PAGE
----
In principle it should also be possible to excite tryptophan autofluorescence with simultaneous three-photon absorption in the laser wavelength range of 700-800 nm [18], a region that is more easily accessible with the current Ti:sapphire-based ultrashort pulse laser technology. However, we have not been able to obtain good signals with three-photon excitation in our system even with much higher available laser power. Although the 590 nm wavelength for two-photon excitation of tryptophan is difficult to generate at present requiring several frequency conversion steps, rapid advances in ultrafast laser technology (for example, nonlinear frequency generations in photonic crystal fibers [29]) can be expected to pave the way for a much simpler and more compact laser system for MPM at this wavelength. The absorption coefficient of hemoglobin drops off sharply around 590 nm (µa ~ 70 cm−1 for oxy-hemoglobin and ~140 cm−1 for deoxy-hemoglobin). Consequently it should be possible to image through dermal blood vessels up to ~100 µm in diameter. The emission of tryptophan is around 350 nm, which does not coincide with any major peaks of hemoglobin absorption (e.g. the Soret band in the range of 420-450 nm). Indeed the hemoglobin absorption coefficient at 350 nm is lower than that at 450 nm commonly used for NADH autofluorescence imaging of tissue. Currently we can observe leukocytes and dermal cells to a depth of about 70 µm beneath the mouse skin surface, but this depth may be limited by the poor beam quality coming out of the BBO crystal. This nonideal (elongated) beam will affect the point spread function at the focus, which is critical for two-photon excitation.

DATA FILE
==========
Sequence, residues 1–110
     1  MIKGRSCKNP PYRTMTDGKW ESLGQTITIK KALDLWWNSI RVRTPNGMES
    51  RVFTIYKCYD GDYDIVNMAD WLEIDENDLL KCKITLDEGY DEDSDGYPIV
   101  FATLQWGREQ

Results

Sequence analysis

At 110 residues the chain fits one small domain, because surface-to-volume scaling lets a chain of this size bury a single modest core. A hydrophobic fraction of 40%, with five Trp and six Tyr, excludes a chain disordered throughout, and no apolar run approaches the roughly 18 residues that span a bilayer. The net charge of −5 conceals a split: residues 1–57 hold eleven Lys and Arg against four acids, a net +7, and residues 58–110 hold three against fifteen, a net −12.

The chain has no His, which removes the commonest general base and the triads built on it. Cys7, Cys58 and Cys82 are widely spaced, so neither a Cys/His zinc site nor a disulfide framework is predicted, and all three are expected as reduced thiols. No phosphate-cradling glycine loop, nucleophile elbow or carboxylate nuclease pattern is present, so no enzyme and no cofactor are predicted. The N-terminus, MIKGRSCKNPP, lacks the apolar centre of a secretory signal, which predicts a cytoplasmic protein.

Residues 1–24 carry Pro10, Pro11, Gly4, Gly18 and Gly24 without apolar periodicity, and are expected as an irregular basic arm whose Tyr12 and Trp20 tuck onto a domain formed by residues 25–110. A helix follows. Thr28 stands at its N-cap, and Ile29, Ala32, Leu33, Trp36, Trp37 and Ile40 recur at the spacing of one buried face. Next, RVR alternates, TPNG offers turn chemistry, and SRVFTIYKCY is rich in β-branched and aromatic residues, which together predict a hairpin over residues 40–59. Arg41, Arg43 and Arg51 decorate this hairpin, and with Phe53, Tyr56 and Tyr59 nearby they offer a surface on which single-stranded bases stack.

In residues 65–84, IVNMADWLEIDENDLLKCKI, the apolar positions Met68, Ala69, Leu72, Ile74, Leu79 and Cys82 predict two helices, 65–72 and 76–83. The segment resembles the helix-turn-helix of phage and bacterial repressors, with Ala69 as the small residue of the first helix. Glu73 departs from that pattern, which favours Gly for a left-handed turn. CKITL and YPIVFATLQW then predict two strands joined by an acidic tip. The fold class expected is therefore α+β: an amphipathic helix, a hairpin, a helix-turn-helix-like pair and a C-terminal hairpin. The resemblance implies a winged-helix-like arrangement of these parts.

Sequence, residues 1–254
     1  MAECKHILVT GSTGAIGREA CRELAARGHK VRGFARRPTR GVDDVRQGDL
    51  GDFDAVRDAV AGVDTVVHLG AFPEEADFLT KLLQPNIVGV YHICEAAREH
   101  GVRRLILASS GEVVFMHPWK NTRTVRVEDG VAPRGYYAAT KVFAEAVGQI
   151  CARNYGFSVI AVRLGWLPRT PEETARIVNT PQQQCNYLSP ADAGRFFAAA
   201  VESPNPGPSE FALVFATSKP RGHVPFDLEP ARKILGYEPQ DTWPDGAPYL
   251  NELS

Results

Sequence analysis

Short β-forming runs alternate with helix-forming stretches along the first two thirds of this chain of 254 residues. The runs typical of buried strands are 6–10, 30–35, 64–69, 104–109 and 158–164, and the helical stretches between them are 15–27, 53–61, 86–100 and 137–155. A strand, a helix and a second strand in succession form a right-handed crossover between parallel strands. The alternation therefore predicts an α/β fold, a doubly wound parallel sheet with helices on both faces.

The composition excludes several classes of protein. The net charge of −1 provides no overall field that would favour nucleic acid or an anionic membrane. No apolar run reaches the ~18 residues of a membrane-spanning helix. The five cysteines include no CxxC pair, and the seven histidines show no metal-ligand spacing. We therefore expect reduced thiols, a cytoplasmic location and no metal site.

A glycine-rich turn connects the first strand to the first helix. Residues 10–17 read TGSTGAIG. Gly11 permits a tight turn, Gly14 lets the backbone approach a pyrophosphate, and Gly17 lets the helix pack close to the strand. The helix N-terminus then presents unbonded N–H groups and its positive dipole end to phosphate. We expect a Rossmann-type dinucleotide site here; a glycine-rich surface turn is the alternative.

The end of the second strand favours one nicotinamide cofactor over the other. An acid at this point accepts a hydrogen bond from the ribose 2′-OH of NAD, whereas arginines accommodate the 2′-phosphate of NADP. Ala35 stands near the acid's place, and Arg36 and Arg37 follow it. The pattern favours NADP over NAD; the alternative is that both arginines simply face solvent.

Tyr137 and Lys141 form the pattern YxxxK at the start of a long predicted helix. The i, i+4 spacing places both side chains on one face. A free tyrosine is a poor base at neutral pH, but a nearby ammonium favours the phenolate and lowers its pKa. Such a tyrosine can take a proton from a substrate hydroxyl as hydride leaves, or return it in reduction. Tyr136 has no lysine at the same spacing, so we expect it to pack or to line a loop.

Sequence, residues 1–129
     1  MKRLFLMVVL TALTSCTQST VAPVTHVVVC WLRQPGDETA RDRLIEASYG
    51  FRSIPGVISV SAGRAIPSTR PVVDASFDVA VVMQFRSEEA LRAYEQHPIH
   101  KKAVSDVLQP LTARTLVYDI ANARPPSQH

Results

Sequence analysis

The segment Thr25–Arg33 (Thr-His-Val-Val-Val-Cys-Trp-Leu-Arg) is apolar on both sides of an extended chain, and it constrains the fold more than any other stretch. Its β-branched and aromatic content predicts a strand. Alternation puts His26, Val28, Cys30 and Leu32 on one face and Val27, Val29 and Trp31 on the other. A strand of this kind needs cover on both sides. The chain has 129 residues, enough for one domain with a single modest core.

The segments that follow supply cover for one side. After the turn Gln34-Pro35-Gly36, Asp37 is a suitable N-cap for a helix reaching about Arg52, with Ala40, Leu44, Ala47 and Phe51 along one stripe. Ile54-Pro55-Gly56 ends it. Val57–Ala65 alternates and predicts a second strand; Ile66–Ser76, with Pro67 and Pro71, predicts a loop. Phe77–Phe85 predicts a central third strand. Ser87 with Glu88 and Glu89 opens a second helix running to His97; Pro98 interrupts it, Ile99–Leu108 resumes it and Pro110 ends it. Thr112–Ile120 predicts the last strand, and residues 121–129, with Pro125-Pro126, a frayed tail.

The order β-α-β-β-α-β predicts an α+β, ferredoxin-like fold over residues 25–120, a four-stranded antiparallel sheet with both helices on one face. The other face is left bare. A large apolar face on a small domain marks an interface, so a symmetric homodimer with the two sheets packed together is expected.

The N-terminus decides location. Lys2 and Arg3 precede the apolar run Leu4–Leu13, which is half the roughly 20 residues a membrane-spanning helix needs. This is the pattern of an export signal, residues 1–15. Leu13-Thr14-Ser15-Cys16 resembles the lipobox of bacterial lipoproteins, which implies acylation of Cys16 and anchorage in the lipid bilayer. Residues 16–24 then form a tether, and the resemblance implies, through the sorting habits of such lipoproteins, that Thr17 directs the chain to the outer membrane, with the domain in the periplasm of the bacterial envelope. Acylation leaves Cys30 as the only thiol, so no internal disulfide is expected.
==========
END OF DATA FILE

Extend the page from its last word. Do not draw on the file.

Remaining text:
In traditional histopathology, disease diagnostics is made by examining static images from fixed tissue sections. Addition of dynamic information from real-time imaging may sharpen the diagnostic criteria when standard method of diagnosis is insufficient, for example in early identification of allergic and inflammatory responses, and acute graft versus host disease [30]. The latter is a potentially life-threatening condition that can develop after allogeneic bone marrow transplantation when donor leukocytes attack recipient's skin, gut, and other organs, a process that may be best discerned by monitoring leukocyte-endothelial interaction and leukocyte infiltration in the skin [8]. In addition, MPM of tryptophan may also be useful for detecting cellular changes in epithelial cancers. In vivo fluorescence spectroscopy of nonmelanoma skin cancers have shown that UV fluorescence from tryptophan is more intense in tumor than in normal tissue [31]. This can be explained by epidermal layer thickening or hyperproliferation. It has also been reported that cervical epithelial cancers cells have much higher level of tryptophan fluorescence compared with monocytes and neutrophils [15], suggesting a potential application of diagnosing epithelial cancers with MPM tryptophan fluorescence imaging. Finally, the uniform cytoplasmic signal in epithelial cells may facilitate the analysis of nuclear-to-cytoplasmic ratio, a parameter that is frequently used to characterize cancer transformation.


We thank Drs. R. Rox Anderson, Nikiforos Kollias and Paulo Bargo for insightful discussions about skin imaging. We also thank Dr. Irene Ghobrial for supplying cultured multiple myeloma cells. Our work was supported by grants from the National Institutes of Health ( CA111519-01), Johnson & Johnson Inc. (C. P. L.), Academy of Finland, and Jenny and Antti Wihuri Foundation (R. K. P.).